In a talk given by Dr. Paul Offit of the Children’s Hospital of Philadelphia, he expressed his belief that it is imperative for vaccinated individuals to continue practicing good coronavirus hygiene, as they can continue to “shed virus” and “be contagious.”

“Until we get to the point that we have stopped the spread of this virus, even people who are vaccinated— immunized— are still going to need to wear a mask and still need to social distance as much as possible,” he said. “If we choose to eliminate that, I think we could actually take a step backwards.” 

Could these vaccines help us achieve long-term herd immunity or allow us to stop social distancing and return to school?

Although the FDA’s announcement raised hopes of receiving the vaccine and returning to school, Gnädig-Schoenfeld said that early vaccines are likely to be in low supply, and distribution may favor healthcare workers and seniors who fall under higher-risk groups. Indeed, New York state is facing a 50,000-dose cut in weekly vaccine shipments—even as supplies are being stretched thin to cover the millions of eligible healthcare workers and older adults signed up for vaccinations. On Tuesday, New York City Mayor Bill de Blasio said that the city may exhaust its supply of vaccines by the end of the week. Much time may pass before high school students will receive vaccines, but how long will we have to wait? 

Gnädig-Schoenfeld projected that we may be able to look forward to receiving vaccinations sometime within the year. “While it may be technically possible to vaccinate students by the end of the school year, it seems more plausible to vaccinate students before the start of the next school year in the fall,” she said. 

Given the constantly evolving circumstances, she said her thoughts are liable to change with “developments regarding production and distribution efficiency” and the “pending results of additional vaccine trials coming down the pipeline.” 

“It’s too early for anyone to answer the ‘when’ with confidence,” she said. 

Even as CNN reports show mask mandates and other safety procedures being lifted around the country, research from Johns Hopkins University showed that 47 states had higher-than-recommended rates of positive tests.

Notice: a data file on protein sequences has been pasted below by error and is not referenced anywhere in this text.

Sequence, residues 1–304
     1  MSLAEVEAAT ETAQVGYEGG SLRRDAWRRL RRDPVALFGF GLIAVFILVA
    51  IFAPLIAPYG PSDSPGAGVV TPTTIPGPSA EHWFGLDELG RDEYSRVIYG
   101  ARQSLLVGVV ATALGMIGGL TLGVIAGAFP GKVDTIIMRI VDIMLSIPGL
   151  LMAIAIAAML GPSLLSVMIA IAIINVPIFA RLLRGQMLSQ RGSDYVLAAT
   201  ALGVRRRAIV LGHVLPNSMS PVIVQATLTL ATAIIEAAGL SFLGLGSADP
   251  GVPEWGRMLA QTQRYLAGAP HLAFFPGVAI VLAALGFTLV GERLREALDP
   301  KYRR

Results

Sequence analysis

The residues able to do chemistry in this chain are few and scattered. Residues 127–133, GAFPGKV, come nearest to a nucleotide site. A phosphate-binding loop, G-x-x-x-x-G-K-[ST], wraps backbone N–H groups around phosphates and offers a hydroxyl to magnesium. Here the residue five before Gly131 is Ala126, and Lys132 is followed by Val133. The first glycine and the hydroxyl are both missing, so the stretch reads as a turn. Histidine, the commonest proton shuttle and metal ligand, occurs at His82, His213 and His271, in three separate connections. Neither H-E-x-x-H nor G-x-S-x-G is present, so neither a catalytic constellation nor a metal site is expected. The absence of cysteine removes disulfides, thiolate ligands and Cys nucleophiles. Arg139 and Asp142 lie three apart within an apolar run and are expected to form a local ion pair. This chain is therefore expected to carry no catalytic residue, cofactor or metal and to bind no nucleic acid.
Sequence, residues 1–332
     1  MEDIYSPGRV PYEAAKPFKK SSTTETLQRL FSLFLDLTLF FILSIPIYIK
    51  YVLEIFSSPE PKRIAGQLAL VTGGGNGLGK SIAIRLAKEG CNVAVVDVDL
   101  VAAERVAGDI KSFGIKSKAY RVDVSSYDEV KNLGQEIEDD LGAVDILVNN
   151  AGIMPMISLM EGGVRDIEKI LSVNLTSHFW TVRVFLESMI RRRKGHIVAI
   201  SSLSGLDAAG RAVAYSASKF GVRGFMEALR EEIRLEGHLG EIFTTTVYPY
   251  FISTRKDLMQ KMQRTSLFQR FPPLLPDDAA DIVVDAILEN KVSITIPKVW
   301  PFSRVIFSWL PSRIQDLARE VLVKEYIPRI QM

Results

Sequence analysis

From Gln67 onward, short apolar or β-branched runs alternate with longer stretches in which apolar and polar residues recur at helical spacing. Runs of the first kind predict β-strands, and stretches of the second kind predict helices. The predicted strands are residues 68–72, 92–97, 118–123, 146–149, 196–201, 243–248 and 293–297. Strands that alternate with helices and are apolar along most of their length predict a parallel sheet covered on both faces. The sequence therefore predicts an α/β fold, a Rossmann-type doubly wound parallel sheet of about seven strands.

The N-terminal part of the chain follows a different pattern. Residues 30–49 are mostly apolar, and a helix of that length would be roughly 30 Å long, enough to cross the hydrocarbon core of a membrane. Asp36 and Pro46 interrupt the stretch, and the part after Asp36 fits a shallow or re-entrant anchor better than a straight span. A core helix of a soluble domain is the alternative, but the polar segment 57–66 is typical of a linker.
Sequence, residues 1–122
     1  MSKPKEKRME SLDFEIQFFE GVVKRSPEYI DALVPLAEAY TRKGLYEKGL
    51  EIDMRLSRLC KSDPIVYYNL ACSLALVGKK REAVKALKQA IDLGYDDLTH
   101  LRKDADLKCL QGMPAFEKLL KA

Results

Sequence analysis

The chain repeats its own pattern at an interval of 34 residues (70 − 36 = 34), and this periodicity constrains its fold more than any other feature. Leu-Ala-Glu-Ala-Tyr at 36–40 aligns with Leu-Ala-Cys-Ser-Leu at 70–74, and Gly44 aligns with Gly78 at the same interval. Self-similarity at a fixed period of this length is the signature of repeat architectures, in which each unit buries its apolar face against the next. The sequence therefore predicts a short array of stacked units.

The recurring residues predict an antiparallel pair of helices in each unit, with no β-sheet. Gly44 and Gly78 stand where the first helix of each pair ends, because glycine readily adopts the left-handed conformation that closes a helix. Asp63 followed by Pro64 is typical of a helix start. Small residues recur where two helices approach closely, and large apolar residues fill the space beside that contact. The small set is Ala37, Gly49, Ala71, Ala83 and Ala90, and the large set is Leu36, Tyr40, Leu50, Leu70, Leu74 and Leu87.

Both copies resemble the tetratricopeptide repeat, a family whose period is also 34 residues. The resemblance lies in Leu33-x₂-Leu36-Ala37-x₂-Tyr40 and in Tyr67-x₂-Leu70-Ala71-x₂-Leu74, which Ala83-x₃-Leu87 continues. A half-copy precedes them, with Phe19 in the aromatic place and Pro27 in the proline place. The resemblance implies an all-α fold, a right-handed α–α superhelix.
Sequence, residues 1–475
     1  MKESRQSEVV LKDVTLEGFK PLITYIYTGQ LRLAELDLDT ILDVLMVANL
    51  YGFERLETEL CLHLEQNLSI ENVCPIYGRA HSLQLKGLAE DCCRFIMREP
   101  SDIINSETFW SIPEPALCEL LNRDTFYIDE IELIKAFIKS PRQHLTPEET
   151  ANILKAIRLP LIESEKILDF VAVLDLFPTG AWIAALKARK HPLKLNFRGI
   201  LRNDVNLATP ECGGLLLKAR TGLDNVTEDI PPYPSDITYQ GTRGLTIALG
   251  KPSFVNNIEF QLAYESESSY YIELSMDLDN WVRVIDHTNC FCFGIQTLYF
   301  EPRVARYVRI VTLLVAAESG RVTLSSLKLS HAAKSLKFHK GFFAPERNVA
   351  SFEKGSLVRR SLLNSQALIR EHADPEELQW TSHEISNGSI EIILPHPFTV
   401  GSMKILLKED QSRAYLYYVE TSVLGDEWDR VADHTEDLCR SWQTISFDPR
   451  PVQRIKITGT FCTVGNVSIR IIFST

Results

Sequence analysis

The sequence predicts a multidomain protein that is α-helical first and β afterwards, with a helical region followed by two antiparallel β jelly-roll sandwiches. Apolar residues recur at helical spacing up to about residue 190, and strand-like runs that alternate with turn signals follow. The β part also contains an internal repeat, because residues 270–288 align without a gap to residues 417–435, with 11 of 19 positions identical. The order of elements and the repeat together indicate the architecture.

With the current state of the pandemic and uncertainties surrounding the true length of immunity vaccines will provide, Gnädig-Schoenfeld prefaced her thoughts on the matter of returning to school by urging that students continue to follow safety procedures. “There is light at the end of the tunnel, but I want to emphasize that in the meantime we must continue public safety measures,” she said.  

Gnädig-Schoenfeld said that if the challenges of safely storing and distributing vaccines to the public are surmounted and a high enough percentage of the population can be immunized, herd immunity can be reached and surpassed— possibly setting the stage for a fall in cases and a return to school. “[T]he more we can exceed the threshold, the faster the downtrend, and the quicker we will be able to relax social distancing measures and return to school safely,” she said. All in all, she is optimistic: “Whatever the case, with vaccines this effective we should be able to return to our regular lives, hopefully before too long.”

Bonus: What are some reliable sources for SARS-CoV-2 or vaccine development news you can recommend for those without a background in science?

For anyone looking for a productive way to stay informed and entertained while holed up at home, Gnädig-Schoenfeld recommended the podcast This Week in Virology (TWiV), a show hosted by scientists, as “a fun and eminently informative resource that a general audience can appreciate.” If you aren’t sure where to start, Gnädig-Schoenfeld pointed out that episodes 683 and 684 cover the Pfizer-BioNTech and Moderna mRNA vaccines.

Photo courtesy of Dr. Nina Gnädig-Schoenfeld